A reader provides an anecdotal look, and I added some statistics:
Coming from a native American reservation, where the drop-out rate is about 50 percent and teen pregnancy is high [see above], I felt pretty accomplished being in the city and in college. So when I got pregnant, my life was over, or so I thought.
I told my then-boyfriend, now husband, and he was beyond happy. In the following days and weeks we talked of things like names and outfits—the easy stuff. Then, reality set in. I’d have to move home. It being on a reservation with very little resources, I had no idea who’d care for my child. I’d have to give up school until I was financially stable to return.
I remember talking with my boyfriend about abortion and how it was the right thing to do, doing everything to justify my reasons. He supported me from the beginning. The next day I changed my mind and decided to take life by the horns and raise this child. But the following day I wasn’t ready to be a mother.
This was an ongoing pattern for almost two months. Feeling depressed and losing my hair from the stress, I decided to walk into a clinic to see what my options were. I can’t remember the doctor’s name for the life of me, but she made me feel comfortable almost immediately. She never persuaded me, but instead listened. I made an appointment that day.
After leaving the clinic I went to the nearest Dairy Queen and spent the last of my money on a milkshake. For the first time in weeks, I felt like I could breathe.
The following week I had my abortion. In the waiting room there was a young girl no older than 16 who cried every two minutes. Her boyfriend, much older than her, told her to stop crying, not being very supportive. I remember sitting there feeling so sorry for her.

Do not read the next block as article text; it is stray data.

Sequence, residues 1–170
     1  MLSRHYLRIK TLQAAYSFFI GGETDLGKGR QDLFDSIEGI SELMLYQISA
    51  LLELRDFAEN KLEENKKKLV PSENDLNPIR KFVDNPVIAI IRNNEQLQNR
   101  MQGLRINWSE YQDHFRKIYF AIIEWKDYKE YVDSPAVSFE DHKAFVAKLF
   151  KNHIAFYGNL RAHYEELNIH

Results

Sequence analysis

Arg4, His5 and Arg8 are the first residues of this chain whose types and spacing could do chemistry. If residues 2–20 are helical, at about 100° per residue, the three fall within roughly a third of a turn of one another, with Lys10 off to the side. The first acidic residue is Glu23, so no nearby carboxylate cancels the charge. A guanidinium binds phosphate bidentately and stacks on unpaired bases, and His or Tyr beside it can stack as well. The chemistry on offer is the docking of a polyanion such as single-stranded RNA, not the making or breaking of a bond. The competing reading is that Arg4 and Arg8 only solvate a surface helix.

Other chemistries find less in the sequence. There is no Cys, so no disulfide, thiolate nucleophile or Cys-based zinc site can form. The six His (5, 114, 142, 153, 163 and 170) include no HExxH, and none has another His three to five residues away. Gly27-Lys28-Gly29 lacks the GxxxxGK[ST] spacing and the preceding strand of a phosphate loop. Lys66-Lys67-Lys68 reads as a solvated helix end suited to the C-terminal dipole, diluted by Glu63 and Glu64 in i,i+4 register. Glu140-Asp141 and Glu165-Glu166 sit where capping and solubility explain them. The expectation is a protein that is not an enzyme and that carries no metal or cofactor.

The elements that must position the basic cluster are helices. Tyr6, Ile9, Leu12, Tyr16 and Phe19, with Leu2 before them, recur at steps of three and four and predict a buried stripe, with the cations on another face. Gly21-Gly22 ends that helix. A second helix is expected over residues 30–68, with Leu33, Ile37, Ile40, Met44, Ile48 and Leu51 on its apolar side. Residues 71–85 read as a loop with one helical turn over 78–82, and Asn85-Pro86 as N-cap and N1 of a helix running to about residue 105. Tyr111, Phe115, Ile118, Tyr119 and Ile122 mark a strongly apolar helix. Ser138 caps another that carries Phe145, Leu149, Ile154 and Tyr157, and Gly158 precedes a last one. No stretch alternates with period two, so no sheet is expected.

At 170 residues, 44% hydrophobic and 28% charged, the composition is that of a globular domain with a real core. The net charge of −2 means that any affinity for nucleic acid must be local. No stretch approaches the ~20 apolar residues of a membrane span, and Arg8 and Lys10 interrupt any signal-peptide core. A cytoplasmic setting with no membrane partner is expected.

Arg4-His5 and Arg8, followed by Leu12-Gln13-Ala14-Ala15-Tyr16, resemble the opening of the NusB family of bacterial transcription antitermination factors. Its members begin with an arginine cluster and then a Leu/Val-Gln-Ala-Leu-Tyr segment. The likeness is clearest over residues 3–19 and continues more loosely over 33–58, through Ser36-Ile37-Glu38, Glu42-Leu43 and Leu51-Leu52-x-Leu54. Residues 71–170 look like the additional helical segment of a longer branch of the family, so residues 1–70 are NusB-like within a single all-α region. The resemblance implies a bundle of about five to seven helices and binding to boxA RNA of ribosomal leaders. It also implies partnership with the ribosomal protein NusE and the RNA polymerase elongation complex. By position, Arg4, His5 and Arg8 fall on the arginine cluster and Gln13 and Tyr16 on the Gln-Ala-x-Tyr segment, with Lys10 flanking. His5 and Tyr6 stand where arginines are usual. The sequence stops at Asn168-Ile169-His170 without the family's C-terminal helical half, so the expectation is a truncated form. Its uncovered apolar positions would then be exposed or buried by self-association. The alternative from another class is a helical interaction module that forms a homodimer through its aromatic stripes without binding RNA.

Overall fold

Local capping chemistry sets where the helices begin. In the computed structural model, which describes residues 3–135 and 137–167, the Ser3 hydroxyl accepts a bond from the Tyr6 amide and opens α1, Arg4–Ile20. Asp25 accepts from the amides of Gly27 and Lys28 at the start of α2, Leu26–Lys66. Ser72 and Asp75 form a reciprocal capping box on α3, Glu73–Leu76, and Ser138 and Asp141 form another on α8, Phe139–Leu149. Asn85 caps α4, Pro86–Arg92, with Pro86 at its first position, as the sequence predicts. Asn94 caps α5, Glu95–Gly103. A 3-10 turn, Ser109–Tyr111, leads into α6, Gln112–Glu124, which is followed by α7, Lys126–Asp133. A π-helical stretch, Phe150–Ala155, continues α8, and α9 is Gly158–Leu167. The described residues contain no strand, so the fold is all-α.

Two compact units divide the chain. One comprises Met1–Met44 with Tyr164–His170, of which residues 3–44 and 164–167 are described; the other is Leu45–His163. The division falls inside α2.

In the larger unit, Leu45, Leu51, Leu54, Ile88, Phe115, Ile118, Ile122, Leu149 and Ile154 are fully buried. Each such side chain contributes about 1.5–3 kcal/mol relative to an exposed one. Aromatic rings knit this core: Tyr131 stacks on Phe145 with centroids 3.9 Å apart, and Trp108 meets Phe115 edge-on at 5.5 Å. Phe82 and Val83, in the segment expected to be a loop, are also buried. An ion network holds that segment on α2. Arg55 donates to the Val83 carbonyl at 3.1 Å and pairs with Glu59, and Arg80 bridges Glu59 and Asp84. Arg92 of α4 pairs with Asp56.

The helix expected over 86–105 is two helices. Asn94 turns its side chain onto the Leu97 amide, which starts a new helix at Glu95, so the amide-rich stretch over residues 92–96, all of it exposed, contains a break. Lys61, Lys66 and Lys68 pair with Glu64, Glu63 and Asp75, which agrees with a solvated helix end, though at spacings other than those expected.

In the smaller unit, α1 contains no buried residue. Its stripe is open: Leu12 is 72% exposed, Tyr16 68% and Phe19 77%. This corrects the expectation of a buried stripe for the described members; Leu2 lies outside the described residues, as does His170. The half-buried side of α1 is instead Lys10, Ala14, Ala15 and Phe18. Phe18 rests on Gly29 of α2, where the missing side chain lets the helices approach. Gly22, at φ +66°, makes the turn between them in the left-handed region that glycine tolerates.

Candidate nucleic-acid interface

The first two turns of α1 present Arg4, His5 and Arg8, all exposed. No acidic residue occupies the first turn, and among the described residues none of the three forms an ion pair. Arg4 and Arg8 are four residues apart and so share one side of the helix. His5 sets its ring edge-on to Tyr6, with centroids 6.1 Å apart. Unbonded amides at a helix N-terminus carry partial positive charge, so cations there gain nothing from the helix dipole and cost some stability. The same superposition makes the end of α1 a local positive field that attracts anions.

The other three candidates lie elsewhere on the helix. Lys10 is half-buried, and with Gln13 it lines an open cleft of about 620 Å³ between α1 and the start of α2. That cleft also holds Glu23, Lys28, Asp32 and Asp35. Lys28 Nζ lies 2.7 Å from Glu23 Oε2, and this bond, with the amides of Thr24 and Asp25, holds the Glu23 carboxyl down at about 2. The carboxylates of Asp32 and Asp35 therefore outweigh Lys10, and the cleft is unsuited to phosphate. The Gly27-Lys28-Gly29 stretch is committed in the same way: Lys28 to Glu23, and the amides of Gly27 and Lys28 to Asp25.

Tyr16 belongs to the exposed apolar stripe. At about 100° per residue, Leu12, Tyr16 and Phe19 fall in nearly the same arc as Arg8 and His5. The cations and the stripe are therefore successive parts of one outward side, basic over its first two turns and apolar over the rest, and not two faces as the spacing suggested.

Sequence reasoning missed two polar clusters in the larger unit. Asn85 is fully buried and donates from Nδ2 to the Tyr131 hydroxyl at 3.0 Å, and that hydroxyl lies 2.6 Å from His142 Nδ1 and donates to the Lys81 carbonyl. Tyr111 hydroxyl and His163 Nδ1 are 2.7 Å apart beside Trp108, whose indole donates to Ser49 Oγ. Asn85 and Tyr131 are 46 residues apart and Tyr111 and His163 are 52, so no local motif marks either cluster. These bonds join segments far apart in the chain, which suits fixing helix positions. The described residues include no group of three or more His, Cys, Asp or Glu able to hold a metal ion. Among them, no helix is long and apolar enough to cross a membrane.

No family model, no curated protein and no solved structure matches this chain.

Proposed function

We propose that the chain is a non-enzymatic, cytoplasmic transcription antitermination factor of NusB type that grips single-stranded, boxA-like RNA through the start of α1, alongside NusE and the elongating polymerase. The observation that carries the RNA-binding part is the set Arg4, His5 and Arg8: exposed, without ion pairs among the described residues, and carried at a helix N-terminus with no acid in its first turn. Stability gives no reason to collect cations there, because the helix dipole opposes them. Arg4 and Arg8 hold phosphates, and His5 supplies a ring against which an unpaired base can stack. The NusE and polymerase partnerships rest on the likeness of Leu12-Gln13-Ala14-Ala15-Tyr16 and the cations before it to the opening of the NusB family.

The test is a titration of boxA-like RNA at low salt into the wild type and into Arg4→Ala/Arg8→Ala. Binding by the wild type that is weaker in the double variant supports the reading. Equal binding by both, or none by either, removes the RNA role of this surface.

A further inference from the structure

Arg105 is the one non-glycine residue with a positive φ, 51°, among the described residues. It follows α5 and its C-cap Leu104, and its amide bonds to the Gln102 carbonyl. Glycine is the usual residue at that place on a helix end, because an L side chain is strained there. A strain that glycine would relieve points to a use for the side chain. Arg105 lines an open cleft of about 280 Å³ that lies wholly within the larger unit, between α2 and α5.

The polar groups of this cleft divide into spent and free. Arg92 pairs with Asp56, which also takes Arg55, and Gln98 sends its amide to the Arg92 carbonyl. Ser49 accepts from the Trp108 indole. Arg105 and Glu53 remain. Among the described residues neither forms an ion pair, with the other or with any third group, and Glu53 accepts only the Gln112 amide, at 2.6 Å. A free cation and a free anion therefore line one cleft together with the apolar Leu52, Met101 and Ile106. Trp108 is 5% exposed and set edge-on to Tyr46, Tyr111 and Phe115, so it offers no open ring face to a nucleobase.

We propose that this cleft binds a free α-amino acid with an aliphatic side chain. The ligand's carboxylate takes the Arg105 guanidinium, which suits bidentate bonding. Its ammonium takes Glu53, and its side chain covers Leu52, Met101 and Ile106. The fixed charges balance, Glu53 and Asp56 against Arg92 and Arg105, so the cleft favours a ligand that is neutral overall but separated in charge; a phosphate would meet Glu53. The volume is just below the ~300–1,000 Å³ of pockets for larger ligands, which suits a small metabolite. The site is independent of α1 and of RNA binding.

In the “surgery room” I remember asking the nurse if she was okay. She reassured me that she was and that she was just “young.” I still think of her.
Next week marks one year. It’s something I do not regret, although I feel guilty about it from time to time. I know I couldn’t have cared for my child the way he or she deserved. All I know is that I’m very fortunate to have walked into a clinic without having to fight protestors to get to the door.
For more background on how abortion affects Native American women, see this FAQ from Carafem, an abortion center in Washington, D.C.:
In the ongoing conversation about abortion, indigenous Americans are oftentimes left out. This is a pretty glaring oversight, since Native American women are over-represented in abortion statistics. … Native American women experience a higher rate of unintended pregnancy than their Caucasian counterparts. These disproportionately high unintended pregnancy rates may lead to more abortions.
Why does this happen?
Poverty, discrimination, and violence all contribute to an environment that does not support Native American women’s ability to fully control their reproductive health. Indigenous American women have experienced (and continue to experience) harsh mistreatment – from forced sterilization to persistently high rates of rape and sexual assault in their communities. They continue to face barriers that are rooted in historical abuse, lack of resources, and contemporary misunderstanding. Since Native American populations were targeted during the eugenics movement, it is understandable that any conversation around reproductive justice for this population is fraught with cultural trauma and suspicion.
How does this all relate to abortion access?
Federal policies have a disproportionate impact on indigenous American women’s ability to access abortion, since abortions are not performed on reservations. Income inequality and poverty make it even harder for many Native American women to get the care they need. Add to that the fact that the Indian Health Service is non-compliant with its own abortion policy in many of its clinics, and the indigenous American community is neglected and left without reproductive healthcare options. Teenage pregnancy and unintended pregnancy rates continue to increase, signaling that this is an important issue to address.